In the past month, two of my favorite bands — Yellowcard and Green Day — released new albums. Both of them came out with major CDs in my early high school years (“Ocean Avenue” my freshman year in 2003, “American Idiot” the following year), and I’ve been hooked on both ever since.
Ever willing to show my true age of 54, I eschewed the iTunes store and picked up physical copies of the two albums in an actual place of business (I know, I’m old-fashioned). I was ready to power through them multiple times in one day and iron out my list of favorite songs.
One problem: Both albums were unbelievably disappointing. Yellowcard’s “Summer Air” sounded like almost no effort was put into changing up the style of their comeback album (released in 2011, which probably should have set off the warning lights). And “¡Uno!” by Green Day might have been worse, though that’s largely because the band has a deal with ESPN to play “Let Yourself Go” over seemingly every highlight montage. Other than that, the band seemed to get away from the poignant lyrics it had shown in its previous two albums (admittedly, both of those were rock operas, but that’s no excuse for boring songwriting).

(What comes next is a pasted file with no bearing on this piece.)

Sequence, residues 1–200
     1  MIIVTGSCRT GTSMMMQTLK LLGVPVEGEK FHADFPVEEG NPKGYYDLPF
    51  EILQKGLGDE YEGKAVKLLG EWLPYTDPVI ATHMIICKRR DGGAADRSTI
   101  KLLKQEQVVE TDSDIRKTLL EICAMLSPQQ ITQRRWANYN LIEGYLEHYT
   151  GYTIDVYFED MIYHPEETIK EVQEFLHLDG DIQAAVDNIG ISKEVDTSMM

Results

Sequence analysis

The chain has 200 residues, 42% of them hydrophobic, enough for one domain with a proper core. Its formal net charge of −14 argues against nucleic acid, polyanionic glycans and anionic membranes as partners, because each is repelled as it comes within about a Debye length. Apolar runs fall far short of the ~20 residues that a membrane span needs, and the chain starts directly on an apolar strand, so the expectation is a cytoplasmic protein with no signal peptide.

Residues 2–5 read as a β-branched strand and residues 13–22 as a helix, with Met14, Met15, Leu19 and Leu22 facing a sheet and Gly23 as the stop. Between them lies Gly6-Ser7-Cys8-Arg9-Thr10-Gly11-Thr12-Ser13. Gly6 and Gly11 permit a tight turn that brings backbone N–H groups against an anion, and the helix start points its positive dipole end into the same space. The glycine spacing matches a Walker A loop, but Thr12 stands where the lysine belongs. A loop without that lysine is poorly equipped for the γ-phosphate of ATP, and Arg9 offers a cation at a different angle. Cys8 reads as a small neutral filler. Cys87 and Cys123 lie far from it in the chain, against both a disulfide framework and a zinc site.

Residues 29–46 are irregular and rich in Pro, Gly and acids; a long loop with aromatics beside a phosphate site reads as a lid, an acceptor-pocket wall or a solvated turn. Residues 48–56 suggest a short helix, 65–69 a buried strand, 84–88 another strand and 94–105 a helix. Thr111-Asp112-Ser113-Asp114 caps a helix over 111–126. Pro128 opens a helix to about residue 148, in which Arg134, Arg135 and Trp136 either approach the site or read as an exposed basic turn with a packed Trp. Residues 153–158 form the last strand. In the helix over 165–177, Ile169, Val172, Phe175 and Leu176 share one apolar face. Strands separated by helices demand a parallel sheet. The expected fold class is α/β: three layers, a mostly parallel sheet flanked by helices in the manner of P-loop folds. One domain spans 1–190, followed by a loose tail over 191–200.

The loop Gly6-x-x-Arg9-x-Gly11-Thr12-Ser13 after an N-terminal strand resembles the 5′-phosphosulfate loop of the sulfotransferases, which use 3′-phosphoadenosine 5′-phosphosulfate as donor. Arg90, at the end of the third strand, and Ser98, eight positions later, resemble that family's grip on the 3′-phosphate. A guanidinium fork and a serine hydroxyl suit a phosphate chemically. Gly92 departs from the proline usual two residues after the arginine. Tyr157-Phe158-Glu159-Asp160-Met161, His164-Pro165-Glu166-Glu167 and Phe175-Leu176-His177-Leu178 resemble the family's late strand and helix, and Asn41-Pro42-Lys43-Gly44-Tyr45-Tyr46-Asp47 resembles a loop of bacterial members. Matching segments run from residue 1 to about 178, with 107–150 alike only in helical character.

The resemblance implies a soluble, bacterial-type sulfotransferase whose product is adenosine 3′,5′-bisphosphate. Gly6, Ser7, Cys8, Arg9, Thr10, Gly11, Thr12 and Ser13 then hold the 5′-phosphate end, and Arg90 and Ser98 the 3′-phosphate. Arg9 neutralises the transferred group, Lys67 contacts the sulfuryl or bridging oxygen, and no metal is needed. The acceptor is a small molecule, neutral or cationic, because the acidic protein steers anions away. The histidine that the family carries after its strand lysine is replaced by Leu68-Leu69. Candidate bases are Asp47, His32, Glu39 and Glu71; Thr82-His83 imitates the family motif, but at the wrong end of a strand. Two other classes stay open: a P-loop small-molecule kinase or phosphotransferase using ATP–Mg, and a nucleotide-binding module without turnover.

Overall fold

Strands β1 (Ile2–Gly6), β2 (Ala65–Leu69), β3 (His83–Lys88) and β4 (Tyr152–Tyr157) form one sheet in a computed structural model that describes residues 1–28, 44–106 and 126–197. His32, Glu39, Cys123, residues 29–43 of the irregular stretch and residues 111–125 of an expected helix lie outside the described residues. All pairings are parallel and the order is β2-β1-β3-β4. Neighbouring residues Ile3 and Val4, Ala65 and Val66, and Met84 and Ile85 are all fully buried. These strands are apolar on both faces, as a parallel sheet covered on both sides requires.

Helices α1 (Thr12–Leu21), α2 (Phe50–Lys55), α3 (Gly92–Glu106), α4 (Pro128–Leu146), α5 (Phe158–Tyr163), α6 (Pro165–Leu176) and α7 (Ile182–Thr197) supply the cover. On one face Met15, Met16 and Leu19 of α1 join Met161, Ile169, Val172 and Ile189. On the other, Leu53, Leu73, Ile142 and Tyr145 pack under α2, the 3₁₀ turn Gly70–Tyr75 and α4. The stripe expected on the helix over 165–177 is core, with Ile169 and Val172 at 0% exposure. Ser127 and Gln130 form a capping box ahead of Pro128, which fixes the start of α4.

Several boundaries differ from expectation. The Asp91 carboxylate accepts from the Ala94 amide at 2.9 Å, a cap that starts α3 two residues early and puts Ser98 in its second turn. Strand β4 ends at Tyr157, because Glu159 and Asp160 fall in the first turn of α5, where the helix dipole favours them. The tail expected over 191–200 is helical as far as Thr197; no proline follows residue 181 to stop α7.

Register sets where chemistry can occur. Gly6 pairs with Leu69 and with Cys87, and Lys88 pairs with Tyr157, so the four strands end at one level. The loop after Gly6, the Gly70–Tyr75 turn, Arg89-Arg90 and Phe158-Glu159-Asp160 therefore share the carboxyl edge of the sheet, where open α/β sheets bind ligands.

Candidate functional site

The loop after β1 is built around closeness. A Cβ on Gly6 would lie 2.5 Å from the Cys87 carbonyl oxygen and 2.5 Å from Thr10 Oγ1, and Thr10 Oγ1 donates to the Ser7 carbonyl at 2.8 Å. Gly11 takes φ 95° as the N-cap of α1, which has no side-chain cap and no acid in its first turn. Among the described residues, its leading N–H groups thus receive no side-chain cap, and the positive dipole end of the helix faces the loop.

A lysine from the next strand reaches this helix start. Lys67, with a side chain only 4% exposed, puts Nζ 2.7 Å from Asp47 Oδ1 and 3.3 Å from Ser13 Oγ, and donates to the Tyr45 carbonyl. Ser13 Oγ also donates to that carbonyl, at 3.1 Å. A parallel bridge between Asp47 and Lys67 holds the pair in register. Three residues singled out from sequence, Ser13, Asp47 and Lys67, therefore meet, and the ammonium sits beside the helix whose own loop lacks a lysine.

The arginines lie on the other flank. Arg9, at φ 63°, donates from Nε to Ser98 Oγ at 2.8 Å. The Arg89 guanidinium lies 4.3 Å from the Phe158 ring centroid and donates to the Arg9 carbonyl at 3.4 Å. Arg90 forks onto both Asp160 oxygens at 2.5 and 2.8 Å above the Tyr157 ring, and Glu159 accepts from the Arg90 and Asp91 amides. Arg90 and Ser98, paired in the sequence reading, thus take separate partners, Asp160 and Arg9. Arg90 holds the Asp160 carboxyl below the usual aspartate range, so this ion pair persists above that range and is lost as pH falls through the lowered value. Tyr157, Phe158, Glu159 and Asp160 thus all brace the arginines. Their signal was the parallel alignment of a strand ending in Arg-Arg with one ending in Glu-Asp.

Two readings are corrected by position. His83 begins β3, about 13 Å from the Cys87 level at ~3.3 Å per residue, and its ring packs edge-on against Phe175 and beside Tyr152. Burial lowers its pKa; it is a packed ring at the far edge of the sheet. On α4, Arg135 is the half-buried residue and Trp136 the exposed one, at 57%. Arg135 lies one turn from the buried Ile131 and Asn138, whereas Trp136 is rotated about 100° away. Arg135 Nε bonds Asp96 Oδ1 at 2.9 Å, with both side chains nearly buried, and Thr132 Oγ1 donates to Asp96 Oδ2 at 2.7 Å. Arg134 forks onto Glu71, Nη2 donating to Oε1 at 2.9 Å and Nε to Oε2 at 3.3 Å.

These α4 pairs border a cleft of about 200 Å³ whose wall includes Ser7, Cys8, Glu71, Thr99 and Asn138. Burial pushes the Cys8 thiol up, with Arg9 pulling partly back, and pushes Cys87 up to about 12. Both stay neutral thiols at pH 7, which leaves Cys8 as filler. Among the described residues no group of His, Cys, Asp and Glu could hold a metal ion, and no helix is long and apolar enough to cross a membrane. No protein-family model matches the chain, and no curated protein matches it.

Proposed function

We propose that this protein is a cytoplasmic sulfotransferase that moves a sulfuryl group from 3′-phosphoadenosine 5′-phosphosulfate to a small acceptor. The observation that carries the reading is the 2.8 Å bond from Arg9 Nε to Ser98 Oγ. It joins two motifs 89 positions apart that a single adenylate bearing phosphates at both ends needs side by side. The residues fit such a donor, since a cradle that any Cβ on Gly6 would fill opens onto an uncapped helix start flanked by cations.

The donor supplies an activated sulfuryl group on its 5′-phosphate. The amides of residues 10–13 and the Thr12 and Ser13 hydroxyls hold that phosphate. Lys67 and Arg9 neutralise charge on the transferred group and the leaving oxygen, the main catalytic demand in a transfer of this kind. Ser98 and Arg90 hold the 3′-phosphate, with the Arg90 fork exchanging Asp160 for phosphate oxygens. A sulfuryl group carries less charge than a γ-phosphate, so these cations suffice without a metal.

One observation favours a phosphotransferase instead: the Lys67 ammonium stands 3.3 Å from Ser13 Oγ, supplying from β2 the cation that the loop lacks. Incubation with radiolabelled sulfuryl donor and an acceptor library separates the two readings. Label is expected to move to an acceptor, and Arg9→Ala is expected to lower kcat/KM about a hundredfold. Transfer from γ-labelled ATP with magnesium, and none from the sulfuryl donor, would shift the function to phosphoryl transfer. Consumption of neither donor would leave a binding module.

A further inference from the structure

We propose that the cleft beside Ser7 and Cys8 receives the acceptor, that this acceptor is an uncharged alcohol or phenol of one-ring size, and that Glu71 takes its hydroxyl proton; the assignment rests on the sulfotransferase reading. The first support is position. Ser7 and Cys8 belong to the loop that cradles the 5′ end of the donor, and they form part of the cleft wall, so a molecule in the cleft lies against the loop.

This development has left me stunned. Could it be two of my favorite bands have gotten washed up? Or is it that I’ve grown out of enjoying their music? One of my big issues with both these albums is that, even with the decent songs, the bands had already done them better in previous years. I can still listen to their old songs — the ones I fell in love with — over and over again, but I can’t be sure how much of that is simple nostalgia for the days of yore.
My musical tastes have definitely evolved since my high school days. I’ve gone farther away from the pop scene and more into modern rock and bands like Muse. I’ve never really been up-to-date on music, but I’ve been able to hear of more new bands now than I did — it used to be “new” for me was a song that was 2 years old.
With these changes, I feel like I’m going through a kind of musical awakening, or maybe a rebirth. I do hope that I’ll be able to pick up future Yellowcard and Green Day albums and realize they’re still capable of producing music that hits just the right chord with me, just like the good ol’ days. But I’m getting the feeling that, whatever the reason, those days might be gone. Here’s hoping my new musical loves can fill that void. (I think they’ll be just fine.)